One of the most popular topics for discussion amongst gardeners is how to quickly raise pH in soil, and at what cost. Whether you want to be a hobbyist or just want to keep your favorite plants healthy and thriving, it’s important that you understand what pH is, why it matters for gardening, and what can be done about it if necessary.
How to Quickly Raise the pH in Soil?
You can quickly raise the pH in soil by using Agricultural Lime, Potassium Carbonate, Baking Soda, Wood Ash, Dolomitic Lime, Hydrated Lime, or Oyster Shell Lime.
I will now give an overview of the benefits and drawbacks of each method. In the end, you should have a good idea of which method is best for you!
1. Potassium Carbonate
This is my favorite method for quickly raising the pH levels in the soil. Potassium carbonate is available as a powder or liquid, and it is also known as Potash. It works by neutralizing acids in the soil!
Potassium carbonate is a lime-based compound that is often added to the soil using drip irrigation. It has very high solubility, making it easy to apply the entire root area with just one application.
2. Agricultural Lime
This is the most common method used by professionals. Agricultural Lime is Calcium Carbonate and comes in powdered form or pellets. It can raise pH anywhere from 0.75-14 units at a time!
Agricultural lime has low solubility, so it doesn’t penetrate deeply. This is fine for most plants, but this will be an issue if your plant is under a huge mound of soil.
3. Baking Soda
Baking soda is a cheap and easy way to raise the pH in your soil. You can use it with or without modifications, but if you have some baking powder at home, then there’s no need for anything else!
Baking soda is an effective way of changing the soil pH level. When used correctly, it can change the PH levels in less than 24 hours. The results may not be as effective as other options, but it gets the job done.
4. Wood Ash
Wood ash is an organic way to raise the pH in the soil. It is made up of calcium, magnesium, potassium, and other elements that may be beneficial for plants. However, it can also have some negative side effects when used incorrectly!
Wood ash is a good solution if you need to quickly change your soil’s pH level without spending much money or time on it. The best time to add wood ash is before planting, not after.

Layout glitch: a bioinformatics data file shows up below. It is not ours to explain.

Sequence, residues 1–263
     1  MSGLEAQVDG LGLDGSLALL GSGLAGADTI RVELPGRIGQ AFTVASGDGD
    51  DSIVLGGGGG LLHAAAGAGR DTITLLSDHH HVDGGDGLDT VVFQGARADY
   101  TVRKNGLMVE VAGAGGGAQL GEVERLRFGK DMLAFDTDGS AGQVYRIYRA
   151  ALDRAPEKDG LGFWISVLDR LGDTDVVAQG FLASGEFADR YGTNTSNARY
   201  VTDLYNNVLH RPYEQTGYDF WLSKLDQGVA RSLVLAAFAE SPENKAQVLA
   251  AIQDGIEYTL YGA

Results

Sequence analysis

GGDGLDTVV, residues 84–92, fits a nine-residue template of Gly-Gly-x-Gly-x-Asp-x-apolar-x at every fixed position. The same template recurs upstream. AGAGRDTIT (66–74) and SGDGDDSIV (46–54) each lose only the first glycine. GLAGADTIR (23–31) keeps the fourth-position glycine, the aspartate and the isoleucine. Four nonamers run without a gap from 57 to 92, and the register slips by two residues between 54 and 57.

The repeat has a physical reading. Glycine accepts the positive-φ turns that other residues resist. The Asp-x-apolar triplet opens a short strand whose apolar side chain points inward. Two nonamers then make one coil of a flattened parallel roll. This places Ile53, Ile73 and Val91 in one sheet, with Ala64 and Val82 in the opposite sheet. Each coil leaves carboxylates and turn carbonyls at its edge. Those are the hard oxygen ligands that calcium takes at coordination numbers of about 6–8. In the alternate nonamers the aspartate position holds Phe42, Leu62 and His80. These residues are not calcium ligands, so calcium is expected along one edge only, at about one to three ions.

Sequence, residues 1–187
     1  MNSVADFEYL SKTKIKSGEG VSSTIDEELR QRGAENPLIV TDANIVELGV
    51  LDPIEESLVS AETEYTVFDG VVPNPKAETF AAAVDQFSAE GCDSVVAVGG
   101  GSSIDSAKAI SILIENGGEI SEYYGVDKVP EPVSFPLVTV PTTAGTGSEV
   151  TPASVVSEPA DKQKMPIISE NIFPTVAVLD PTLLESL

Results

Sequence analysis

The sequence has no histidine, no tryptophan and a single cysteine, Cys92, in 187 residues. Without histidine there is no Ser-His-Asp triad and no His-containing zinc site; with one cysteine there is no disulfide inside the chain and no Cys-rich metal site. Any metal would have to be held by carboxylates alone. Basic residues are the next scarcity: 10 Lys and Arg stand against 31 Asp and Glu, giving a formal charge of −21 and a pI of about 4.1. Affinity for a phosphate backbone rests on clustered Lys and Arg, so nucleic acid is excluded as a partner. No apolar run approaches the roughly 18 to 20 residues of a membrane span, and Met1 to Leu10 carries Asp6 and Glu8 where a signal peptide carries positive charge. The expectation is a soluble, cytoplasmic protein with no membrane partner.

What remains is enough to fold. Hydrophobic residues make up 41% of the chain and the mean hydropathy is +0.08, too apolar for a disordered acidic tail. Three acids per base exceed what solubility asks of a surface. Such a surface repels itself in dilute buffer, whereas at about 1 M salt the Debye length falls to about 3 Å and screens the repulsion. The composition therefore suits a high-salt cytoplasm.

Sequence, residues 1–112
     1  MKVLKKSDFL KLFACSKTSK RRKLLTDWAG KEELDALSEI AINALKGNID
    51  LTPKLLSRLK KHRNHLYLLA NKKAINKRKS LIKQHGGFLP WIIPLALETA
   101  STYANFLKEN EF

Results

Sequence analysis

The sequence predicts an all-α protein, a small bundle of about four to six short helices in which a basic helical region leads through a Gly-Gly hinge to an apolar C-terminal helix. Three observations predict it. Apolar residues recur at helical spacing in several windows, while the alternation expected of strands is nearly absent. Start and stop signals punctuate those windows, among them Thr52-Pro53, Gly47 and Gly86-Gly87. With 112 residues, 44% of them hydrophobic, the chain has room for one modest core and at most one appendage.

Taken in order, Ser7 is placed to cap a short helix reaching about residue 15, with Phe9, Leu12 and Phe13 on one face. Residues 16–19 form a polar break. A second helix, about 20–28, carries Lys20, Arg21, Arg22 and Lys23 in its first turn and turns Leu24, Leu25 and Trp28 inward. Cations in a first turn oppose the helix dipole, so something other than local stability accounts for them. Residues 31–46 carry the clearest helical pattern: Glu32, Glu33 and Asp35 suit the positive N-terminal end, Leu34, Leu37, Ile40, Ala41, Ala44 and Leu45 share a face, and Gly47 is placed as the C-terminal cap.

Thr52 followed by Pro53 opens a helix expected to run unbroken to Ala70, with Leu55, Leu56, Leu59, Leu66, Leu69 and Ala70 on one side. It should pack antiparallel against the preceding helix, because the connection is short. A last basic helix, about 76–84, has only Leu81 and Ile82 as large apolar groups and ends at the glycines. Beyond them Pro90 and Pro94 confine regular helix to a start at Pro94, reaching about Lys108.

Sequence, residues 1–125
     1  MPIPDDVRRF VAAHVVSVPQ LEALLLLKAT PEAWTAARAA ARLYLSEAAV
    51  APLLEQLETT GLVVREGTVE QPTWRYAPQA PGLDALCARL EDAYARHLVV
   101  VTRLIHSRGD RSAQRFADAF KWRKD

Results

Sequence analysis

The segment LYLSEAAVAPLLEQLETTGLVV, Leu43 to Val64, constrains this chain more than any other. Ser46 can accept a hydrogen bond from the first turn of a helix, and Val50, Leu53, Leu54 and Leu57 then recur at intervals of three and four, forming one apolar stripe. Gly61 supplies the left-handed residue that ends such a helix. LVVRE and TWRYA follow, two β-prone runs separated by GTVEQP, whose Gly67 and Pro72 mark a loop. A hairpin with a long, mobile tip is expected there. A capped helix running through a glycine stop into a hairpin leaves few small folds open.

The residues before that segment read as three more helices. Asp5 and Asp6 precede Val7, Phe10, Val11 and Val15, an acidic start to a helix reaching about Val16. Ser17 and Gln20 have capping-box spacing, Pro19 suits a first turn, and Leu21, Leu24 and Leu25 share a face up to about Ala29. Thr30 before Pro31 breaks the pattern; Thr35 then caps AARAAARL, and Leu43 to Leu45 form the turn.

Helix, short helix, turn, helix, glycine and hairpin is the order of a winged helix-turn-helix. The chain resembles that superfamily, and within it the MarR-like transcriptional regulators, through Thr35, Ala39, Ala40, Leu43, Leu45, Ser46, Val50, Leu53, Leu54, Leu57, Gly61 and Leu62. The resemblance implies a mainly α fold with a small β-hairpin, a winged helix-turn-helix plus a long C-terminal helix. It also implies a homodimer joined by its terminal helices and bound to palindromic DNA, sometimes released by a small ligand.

5. Dolomitic Lime
Known as calcium magnesium carbonate, it’s no surprise that this contains calcium and magnesium, which are both essential nutrients for plants.
Dolomitic lime is an effective option if you want your pH levels raised fast! The only drawback here would be the fact that it also increases magnesium levels, so it may not work well with certain plants because too much magnesium can be bad for them.
6. Hydrated Lime
This is a quick way of changing the soil’s pH level. However, it takes some time for this method to take effect and have an impact on your plants.
I don’t recommend that beginners use this product as too much can damage the plant. It is best suited to professionals with lots of experience in the niche.
7. Oyster Shell Lime
Oyster shell lime is an organic method for raising the pH of your garden. It has a calcium content of roughly 40%, so it’s useful for correcting soil deficiencies.
This is safe to use, whether you’re a beginner or a professional! The only concern is that it takes time to work and can be expensive.
How to Test the PH After Using These Products?
The best way to test the soil is with a pH tester, which is inexpensive and easy to use. The tester will give you an accurate reading of your soil’s pH, which is essential for knowing if the method that you used worked or not!
A neutral pH balance is ideal for most soils, but if you want to raise it past 7.5, then lime might be the answer.
It’s important to keep checking the soil as fertilizer and other materials can make your soil more acidic. This is why I advise frequently checking the soil and adjusting how much of each product you use. This will keep your plants healthy in the long run.
In conclusion, there are a number of effective ways to quickly raise the pH in soil. However, the best method depends on your specific situation.
I like using potassium carbonate as it’s very effective, but it can be expensive if using large amounts. It’s best to be organic where possible.
Baking soda is a good solution if you have some in the kitchen and don’t want to purchase any of the other options.
I hope this article has been helpful!
Tim is an avid gardener from the UK. He was the founder of PlantCarer.com from 2021 to Sep 2023. He sold PlantCarer.com to Aaron. He has since started his own business called Seed To Supper, which provides new gardeners all the materials you need in a box (pots, seeds, compost and instructions) to grow your own delicious and nutritious vegetables and herbs from start to finish – no garden required.